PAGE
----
So, where do we begin?

We need, first, to recognize and honor our deep commitment to students, without which we would not be teaching. We work hard and care for each and every one of them, and often leave school exhausted. We know—as the research has confirmed—we are the most important factor for their success in our classrooms. How, then, can we use our caring and commitment to turn our talking as delivery into talking for learning?

We can begin by asking ourselves: “How can I take advantage of my conversational skills and turn away from delivery of information and knowledge and move towards making learning happen in my classroom every day?”

We can visualize letting go of repetitive, whole-group talking, and instead, imagine using words as brain stimulators, as work energizers, and as learning motivators. We can pay more attention to students’ ideas rather than insisting they listen and repeat what we say. We can activate ways to think, create, and design rather than to copy, memorize, and regurgitate, thus gaining confidence as we see students learning. We can say less and teach more. We can listen and learn about their learning—and learn from them.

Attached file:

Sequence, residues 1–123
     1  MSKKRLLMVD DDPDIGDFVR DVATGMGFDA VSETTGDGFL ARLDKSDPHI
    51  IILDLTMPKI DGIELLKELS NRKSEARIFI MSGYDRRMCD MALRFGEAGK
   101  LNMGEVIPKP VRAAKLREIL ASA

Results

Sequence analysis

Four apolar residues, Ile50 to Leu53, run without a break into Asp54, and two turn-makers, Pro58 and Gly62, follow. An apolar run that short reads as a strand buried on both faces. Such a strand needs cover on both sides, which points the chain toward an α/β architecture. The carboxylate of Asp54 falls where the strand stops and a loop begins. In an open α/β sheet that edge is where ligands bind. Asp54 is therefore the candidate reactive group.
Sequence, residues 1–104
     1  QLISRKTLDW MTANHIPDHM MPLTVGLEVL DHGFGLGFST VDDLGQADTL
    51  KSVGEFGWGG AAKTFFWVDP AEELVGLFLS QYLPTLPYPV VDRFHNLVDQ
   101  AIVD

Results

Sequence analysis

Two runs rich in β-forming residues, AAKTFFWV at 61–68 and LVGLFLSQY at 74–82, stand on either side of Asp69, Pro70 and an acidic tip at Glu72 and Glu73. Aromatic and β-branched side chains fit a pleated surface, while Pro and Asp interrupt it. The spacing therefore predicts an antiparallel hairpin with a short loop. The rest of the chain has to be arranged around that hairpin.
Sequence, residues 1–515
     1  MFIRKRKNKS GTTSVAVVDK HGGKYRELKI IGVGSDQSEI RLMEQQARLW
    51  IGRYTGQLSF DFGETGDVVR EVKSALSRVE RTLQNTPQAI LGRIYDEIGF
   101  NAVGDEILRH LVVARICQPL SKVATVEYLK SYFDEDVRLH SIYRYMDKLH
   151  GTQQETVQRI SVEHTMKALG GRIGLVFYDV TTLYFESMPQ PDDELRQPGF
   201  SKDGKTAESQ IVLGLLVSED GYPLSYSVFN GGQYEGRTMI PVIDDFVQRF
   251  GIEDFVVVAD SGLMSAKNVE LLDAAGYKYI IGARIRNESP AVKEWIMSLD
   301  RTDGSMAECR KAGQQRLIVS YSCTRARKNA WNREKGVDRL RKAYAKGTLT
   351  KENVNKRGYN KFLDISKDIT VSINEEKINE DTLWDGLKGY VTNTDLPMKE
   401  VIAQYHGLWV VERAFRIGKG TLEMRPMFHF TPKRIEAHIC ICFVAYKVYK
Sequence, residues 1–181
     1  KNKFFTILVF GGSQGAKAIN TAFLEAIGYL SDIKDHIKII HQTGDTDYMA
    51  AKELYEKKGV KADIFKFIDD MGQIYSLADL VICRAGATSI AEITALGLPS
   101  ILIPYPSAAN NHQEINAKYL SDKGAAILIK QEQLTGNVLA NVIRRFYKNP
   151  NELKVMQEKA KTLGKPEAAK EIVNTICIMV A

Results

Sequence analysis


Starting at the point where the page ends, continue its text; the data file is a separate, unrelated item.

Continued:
Once we begin this process, we taste a new future. We gain a deeper satisfaction as more students retain what we teach. We relish seeing them active and involved. Suddenly, there is no turning back. We’re no longer stuck in past practice, in which we relegated ourselves to the trash heap of talking teachers.

Praise for Teaching from the Middle of the Room: “I enjoyed reading your book, learned from it, and am a better teacher because of it” ~Dinty Moore, writer and teacher at Ohio University

Order Teaching from the Middle of the Room: Inviting Students to Learn (Stetson Press, 2010) and discover ideas that all teachers can do to make learning possible in their classrooms every day. Purchase from Amazon: